Sirleaf, 78, will not run in October 10’s presidential election after a constitutionally mandated two terms.
In 2005, she unexpectedly swept the country’s first vote after a brutal civil war, and during her time in office the fragile peace has held.
But “Ma Ellen”, as she is known at home, is the first to admit her tenure has failed to deliver meaningful representation for women in Liberian political life.
“We haven’t worked hard enough for parity,” she said in a recent CNN interview.
“It saddens me, because I represented breaking the glass ceiling in Africa.”
Just a tenth of Liberia’s 30 senators and only a sixth of candidates standing in next Tuesday’s elections, which are for the presidency, vice presidency and House of Representatives, are women. Those figures have barely budged since 2005.
Meanwhile levels of teenage pregnancy and sexual violence against girls remain extremely high and less than half of women can read or write.
“Irrespective of how many women win or lose, women have got to stay in the race and women have got to stay on the political landscape,” said MacDella Cooper, a former model turned humanitarian.
She is the sole female presidential candidate, running against 19 men.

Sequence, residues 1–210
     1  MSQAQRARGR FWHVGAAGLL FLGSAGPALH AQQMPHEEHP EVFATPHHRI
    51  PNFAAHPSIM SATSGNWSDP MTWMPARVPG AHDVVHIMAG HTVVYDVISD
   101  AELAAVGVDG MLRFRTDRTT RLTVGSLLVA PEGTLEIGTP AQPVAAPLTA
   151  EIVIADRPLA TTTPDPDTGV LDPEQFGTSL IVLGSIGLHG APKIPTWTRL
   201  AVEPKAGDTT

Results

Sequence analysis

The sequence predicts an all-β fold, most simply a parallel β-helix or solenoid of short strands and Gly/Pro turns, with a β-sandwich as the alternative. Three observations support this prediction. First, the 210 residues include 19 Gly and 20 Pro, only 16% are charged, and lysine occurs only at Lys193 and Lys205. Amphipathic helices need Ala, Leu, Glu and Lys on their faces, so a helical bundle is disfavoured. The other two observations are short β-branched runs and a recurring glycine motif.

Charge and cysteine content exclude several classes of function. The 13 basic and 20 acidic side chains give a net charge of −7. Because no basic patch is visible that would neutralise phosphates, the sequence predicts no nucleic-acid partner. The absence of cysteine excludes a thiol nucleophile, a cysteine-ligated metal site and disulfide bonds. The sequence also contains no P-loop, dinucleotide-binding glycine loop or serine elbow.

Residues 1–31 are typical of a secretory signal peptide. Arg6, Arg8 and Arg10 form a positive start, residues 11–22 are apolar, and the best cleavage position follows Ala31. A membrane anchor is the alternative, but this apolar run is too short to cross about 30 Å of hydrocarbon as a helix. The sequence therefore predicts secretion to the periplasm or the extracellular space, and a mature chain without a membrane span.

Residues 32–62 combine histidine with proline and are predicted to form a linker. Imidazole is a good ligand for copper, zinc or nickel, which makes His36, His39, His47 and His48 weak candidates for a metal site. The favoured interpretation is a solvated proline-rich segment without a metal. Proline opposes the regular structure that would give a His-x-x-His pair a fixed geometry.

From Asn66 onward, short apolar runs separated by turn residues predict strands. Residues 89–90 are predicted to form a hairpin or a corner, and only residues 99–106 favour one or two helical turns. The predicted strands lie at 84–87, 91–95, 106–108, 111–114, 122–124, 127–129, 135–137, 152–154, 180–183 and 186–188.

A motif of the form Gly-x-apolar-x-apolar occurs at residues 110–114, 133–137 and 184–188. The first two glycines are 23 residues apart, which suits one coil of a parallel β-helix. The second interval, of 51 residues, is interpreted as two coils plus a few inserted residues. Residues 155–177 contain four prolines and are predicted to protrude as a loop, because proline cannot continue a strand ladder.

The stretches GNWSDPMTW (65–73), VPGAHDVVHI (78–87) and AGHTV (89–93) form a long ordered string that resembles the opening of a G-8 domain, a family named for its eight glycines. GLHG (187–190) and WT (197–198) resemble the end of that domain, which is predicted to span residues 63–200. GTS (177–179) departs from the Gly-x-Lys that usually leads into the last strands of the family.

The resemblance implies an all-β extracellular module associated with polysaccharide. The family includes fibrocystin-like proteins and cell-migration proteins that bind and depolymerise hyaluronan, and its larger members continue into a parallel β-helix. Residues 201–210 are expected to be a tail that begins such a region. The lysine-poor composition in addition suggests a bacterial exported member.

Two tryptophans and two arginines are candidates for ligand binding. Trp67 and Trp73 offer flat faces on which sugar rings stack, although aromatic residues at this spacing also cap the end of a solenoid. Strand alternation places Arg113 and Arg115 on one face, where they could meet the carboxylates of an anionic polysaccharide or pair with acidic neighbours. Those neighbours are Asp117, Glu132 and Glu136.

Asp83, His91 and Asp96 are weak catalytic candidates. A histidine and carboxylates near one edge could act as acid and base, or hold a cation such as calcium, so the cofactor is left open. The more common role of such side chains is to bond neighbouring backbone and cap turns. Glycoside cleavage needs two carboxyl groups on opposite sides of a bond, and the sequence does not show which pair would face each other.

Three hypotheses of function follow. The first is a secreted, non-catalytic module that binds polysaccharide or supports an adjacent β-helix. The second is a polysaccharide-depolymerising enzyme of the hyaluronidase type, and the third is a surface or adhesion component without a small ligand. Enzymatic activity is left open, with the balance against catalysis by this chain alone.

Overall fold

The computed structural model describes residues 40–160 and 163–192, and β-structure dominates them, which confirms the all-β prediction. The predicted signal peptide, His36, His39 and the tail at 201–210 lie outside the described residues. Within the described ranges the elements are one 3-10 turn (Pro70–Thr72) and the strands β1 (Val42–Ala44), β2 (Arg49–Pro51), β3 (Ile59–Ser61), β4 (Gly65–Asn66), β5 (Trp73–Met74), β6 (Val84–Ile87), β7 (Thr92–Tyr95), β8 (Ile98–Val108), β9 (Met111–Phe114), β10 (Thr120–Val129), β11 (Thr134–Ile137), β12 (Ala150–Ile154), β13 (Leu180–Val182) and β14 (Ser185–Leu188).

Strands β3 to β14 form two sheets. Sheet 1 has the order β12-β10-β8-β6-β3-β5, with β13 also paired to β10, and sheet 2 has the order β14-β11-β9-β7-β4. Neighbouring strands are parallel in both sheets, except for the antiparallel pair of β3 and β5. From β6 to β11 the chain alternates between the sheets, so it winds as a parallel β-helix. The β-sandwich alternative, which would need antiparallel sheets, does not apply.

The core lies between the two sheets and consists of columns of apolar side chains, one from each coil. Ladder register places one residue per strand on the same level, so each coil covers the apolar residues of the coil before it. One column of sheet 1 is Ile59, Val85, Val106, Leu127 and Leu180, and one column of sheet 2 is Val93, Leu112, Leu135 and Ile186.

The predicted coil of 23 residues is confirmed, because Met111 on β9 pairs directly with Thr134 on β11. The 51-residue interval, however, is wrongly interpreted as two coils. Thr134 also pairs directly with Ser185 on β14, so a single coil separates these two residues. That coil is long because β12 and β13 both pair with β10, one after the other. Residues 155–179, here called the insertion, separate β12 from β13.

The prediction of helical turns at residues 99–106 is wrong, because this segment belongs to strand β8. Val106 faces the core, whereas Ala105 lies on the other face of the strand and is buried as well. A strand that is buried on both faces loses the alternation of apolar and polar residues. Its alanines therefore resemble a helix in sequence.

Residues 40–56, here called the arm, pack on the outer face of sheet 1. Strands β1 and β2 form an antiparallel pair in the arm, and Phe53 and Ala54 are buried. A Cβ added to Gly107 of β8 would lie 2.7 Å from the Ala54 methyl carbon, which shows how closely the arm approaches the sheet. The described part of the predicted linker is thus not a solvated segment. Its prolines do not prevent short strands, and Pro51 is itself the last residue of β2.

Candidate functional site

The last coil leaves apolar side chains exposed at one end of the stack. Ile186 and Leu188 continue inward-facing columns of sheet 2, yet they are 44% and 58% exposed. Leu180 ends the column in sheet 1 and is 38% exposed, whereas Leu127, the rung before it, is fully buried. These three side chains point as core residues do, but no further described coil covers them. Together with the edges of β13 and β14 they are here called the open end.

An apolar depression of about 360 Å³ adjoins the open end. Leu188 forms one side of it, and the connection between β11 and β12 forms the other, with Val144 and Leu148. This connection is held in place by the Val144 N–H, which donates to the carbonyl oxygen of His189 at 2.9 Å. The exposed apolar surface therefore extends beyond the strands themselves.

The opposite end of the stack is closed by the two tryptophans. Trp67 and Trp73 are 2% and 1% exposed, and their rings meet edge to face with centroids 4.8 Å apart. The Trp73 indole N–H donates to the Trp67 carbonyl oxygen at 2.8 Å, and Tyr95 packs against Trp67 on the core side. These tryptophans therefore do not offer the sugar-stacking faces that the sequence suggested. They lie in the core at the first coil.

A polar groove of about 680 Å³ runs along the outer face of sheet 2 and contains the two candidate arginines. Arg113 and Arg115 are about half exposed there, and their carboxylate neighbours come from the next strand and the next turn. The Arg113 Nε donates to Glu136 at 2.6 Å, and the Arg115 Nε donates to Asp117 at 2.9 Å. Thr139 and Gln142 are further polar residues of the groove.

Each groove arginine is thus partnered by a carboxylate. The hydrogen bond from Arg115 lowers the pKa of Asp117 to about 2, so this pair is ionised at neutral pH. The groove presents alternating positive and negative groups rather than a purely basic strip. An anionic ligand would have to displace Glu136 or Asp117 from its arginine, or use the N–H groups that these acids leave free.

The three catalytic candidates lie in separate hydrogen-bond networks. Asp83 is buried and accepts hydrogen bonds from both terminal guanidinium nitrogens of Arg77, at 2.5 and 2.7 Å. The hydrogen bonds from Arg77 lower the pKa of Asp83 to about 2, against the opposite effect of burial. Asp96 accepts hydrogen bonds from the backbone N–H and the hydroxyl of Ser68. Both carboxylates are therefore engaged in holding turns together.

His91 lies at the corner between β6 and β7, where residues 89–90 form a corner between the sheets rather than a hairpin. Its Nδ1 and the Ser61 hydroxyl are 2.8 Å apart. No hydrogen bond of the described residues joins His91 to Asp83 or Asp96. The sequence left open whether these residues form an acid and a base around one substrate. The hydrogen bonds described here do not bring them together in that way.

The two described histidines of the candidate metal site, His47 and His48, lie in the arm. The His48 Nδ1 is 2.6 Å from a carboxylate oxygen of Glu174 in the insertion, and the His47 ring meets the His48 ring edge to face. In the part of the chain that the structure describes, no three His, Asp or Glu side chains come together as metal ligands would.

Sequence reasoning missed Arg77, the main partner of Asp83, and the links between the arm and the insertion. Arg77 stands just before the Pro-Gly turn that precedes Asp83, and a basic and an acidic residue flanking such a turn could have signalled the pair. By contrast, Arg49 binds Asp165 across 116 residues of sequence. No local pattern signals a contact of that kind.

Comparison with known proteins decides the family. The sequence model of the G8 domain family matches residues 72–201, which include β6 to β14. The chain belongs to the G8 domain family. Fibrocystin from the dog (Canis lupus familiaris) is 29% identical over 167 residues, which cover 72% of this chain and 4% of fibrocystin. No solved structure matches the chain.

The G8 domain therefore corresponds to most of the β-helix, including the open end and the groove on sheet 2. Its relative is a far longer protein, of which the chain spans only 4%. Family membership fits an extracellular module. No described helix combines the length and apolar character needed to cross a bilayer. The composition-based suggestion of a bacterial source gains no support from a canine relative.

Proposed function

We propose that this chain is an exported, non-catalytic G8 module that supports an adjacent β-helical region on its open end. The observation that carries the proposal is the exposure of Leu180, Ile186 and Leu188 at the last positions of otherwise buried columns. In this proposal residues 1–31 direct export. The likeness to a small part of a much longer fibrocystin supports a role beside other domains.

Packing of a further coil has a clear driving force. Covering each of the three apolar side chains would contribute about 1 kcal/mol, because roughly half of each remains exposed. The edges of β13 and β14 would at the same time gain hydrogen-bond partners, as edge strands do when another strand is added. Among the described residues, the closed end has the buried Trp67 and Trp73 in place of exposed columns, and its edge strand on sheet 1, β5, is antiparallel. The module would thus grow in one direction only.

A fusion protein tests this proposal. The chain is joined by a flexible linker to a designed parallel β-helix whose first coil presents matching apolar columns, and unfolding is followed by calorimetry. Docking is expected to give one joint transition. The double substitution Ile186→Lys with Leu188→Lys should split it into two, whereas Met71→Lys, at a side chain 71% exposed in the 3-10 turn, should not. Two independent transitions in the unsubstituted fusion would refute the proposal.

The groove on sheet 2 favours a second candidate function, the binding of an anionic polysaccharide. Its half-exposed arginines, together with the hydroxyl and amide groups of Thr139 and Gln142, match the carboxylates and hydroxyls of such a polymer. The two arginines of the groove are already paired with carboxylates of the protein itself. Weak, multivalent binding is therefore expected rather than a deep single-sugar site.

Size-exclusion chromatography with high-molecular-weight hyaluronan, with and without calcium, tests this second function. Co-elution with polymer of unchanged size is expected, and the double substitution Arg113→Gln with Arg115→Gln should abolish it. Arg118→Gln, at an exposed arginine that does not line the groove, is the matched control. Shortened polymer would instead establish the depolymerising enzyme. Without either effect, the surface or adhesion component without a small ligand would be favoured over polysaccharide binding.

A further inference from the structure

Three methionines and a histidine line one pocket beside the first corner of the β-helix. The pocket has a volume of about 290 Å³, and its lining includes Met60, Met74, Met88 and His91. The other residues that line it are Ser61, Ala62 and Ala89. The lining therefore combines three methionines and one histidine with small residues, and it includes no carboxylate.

Cooper, like several female candidates contacted by AFP, admires Sirleaf’s grit but says the nation needs a different kind of leader who can broaden prosperity as well as keep peace.
“Fifteen percent of our country’s citizens are living so well but the rest are left to fight for themselves,” she said.
– ‘Anti-feminist’? –
Two Liberian feminists have caused a stir by asserting in international media that Sirleaf has “failed” women in the political realm, potentially tarring her legacy.
“I think President Sirleaf is anti-feminist when it comes to politics,” Robtel Neajai Pailey, who co-authored a widely shared article with activist Korto Reeves Williams, told AFP.
She accuses Sirleaf of indifference to a call by Liberia’s Women’s Legislative Caucus for women to occupy 30 percent of political party leadership positions in 2010.
Pailey believes women fall behind in gaining affiliation with larger political parties and often lack their own funding, unlike some of this year’s millionaire male candidates.